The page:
Saturday, April 30, 2011

Study Adds Weight to Link Between Calcium Supplements and Heart Problems

ScienceDaily

Calcium supplements are often prescribed to older (postmenopausal) women to maintain bone health. Sometimes they are combined with vitamin D, but it's still unclear whether taking calcium supplements, with or without vitamin D, can affect the heart.

The Women's Health Initiative (WHI) study -- a seven-year trial of over 36,000 women -- found no cardiovascular effect of taking combined calcium and vitamin D supplements, but the majority of participants were already taking personal calcium supplements, which may have obscured any adverse effects.

So a team of researchers, led by Professor Ian Reid at the University of Auckland, re-analysed the WHI results to provide the best current estimate of the effects of calcium supplements, with or without vitamin D, on the risk of cardiovascular events.

They analysed data from 16,718 women who were not taking personal calcium supplements at the start of the trial and found that those allocated to combined calcium and vitamin D supplements were at an increased risk of cardiovascular events, especially heart attack.

By contrast, in women who were taking personal calcium supplements at the start of the trial, combined calcium and vitamin D supplements did not alter their cardiovascular risk.

The authors suspect that the abrupt change in blood calcium levels after taking a supplement causes the adverse effect, rather than it being related to the total amount of calcium consumed. High blood calcium levels are linked to calcification (hardening) of the arteries, which may also help to explain these results.

Further analyses -- adding data from 13 other trials, involving 29,000 people altogether -- also found consistent increases in the risk of heart attack and stroke associated with taking calcium supplements, with or without vitamin D, leading the authors to conclude that these data justify a reassessment of the use of calcium supplements in older people.

But in an accompanying editorial, Professors Bo Abrahamsen and Opinder Sahota argue that there is insufficient evidence available to support or refute the association.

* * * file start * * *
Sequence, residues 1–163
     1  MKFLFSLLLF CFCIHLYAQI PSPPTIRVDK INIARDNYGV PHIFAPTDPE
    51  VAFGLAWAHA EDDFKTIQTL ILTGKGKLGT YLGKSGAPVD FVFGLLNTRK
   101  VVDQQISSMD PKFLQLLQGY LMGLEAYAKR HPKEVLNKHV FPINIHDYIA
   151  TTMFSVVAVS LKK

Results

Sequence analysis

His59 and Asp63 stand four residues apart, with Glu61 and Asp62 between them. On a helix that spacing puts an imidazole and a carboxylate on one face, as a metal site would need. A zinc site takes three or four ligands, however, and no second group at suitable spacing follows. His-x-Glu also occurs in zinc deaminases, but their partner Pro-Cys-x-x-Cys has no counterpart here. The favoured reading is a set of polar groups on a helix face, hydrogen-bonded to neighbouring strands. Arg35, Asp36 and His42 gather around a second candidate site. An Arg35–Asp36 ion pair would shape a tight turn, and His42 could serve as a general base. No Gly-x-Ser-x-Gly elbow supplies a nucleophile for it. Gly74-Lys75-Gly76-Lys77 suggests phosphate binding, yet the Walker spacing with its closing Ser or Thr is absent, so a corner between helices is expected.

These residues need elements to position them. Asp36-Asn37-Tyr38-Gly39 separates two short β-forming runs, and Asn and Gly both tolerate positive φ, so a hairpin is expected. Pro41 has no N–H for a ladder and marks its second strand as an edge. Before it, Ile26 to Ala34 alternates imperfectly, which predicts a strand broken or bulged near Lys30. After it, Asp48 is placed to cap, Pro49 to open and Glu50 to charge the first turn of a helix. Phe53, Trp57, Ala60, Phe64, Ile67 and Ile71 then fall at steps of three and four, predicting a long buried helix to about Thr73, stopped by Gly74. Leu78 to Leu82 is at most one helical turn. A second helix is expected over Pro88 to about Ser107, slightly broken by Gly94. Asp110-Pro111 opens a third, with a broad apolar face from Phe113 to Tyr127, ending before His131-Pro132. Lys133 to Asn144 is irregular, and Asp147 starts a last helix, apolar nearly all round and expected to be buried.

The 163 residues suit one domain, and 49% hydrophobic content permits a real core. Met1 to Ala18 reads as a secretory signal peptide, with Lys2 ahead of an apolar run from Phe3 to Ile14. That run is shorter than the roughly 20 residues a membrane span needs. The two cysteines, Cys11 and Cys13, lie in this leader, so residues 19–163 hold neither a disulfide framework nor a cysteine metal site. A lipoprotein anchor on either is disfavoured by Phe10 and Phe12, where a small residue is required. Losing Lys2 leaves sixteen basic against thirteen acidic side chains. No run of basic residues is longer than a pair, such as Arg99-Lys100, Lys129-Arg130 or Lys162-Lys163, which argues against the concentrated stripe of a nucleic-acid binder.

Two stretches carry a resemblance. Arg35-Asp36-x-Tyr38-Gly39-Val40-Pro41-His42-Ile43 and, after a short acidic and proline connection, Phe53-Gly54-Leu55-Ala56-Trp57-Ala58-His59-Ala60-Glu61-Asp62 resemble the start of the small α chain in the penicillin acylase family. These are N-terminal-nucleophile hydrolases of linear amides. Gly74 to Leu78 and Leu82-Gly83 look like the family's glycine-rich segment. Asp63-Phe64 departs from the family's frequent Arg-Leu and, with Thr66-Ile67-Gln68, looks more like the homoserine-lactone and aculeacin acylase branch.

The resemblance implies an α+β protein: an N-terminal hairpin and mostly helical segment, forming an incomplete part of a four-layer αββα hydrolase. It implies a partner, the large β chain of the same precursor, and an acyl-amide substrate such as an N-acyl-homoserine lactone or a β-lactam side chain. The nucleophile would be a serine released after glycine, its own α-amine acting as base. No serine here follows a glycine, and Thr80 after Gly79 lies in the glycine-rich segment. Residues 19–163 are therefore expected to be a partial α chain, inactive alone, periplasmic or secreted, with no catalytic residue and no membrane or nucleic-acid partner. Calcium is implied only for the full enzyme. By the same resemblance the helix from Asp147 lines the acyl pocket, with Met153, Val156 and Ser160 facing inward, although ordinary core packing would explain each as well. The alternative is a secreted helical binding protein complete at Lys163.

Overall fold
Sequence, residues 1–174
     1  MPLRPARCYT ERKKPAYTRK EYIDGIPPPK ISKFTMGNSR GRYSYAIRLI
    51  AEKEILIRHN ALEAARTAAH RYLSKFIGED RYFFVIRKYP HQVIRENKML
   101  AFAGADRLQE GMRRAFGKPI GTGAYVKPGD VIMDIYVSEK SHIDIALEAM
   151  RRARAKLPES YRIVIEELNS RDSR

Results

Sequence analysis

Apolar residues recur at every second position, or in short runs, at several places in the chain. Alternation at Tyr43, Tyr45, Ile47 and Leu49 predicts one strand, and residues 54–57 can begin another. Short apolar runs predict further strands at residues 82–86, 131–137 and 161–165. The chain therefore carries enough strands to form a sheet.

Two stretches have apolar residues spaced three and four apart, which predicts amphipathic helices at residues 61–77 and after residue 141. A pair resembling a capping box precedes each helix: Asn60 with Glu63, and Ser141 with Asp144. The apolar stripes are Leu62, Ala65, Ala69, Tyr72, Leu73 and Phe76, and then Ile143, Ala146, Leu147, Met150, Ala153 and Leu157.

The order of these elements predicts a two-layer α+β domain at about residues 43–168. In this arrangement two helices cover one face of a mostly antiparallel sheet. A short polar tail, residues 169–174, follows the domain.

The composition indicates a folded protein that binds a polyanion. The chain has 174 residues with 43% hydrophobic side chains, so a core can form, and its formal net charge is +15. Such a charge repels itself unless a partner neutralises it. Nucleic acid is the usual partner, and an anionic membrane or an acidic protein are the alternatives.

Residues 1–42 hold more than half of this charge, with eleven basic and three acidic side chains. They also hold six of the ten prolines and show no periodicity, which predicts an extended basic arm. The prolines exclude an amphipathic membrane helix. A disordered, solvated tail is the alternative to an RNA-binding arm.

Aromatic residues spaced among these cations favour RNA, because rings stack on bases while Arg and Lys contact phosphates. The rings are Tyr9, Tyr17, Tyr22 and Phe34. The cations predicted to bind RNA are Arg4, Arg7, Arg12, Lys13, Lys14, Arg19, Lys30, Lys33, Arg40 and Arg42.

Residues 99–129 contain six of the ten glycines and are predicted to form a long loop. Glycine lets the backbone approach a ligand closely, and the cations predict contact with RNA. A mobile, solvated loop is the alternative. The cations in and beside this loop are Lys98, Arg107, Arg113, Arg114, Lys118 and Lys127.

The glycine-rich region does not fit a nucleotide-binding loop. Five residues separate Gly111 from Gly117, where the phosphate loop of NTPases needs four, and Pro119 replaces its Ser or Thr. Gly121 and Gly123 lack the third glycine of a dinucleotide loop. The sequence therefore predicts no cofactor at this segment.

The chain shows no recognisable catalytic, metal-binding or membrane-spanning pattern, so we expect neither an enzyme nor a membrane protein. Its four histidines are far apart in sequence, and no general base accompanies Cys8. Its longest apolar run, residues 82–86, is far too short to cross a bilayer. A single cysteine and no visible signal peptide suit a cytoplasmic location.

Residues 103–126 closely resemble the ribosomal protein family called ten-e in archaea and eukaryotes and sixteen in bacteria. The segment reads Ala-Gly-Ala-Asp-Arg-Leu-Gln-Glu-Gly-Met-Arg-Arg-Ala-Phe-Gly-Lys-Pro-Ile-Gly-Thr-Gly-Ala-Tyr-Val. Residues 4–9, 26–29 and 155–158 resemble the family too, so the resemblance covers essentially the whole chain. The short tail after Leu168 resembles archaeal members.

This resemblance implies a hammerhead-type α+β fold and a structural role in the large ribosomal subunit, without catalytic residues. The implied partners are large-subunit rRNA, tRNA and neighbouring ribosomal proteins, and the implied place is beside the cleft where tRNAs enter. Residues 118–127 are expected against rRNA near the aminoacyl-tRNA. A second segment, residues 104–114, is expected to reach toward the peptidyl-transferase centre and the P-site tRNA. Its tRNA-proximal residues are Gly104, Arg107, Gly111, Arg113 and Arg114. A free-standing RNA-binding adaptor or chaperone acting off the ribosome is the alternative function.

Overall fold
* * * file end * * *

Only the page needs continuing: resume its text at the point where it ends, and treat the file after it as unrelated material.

Because of study limitations, they say "it is not possible to provide reassurance that calcium supplements given with vitamin D do not cause adverse cardiovascular events or to link them with certainty to increased cardiovascular risk. Clearly further studies are needed and the debate remains ongoing.

Friday, April 29, 2011

Sleep

Sleep Tip #1 - 95% of Americans use electronics within an hour before bed, including television, video games, computers and cell phones. Don't do it! Turn all that stuff off for an hour before bed. Turn the lights down low and read or write in a journal. You'll fall asleep much more easily.



Sleep Tip #2 - A late-night snack can help as long as it's finished 2 hours before bedtime. A high-protein snack like a soft-boiled egg or about 10 almonds can stabilize your blood sugar and prevent waking up during the night. Almonds contain magnesium too, which promotes relaxation and sleep. If you don't have blood sugar issues, either a banana or some cherries will increase the sleep hormone melatonin. Warm miso soup is comforting and can also boost melatonin levels.



Sleep Tip #3 - College students who took a 90-minute nap beforehand did better on learning exercises and improved their learning capacity

Thursday, April 28, 2011

GOOD FAT - FAT IS GOOD

by Nell Stephenson

Eating extra virgin olive oil & avocado, DownloadedFile
along with some coconut each day is a GOOD THING!

This has to be one of the most difficult concepts for people to get their heads around. We're in a culture that has been so brainwashed by all that awful low-fat hype of the early 1990's, that to this day, I get many inquiries from clients who are trying to lose weight, trying to be Paleo, but afraid of fat.

Scared to eat any part of a chicken other than boneless/skinless breast and not comfortable eating anything but the leanest sirloin tip steak if they're going on a red- meat route.

I recently gave a paleo nutrition lecture during which one of the audience members, a retired, uber-distinguished judge who looked quite slim and fit, approached me afterwards and asked, "Do you really mean I can have a steak? I haven't had steak in years!". When I asked why, his only reply was that he thought it was bad for him. He went straight to the butcher on the way home and had himself a filet!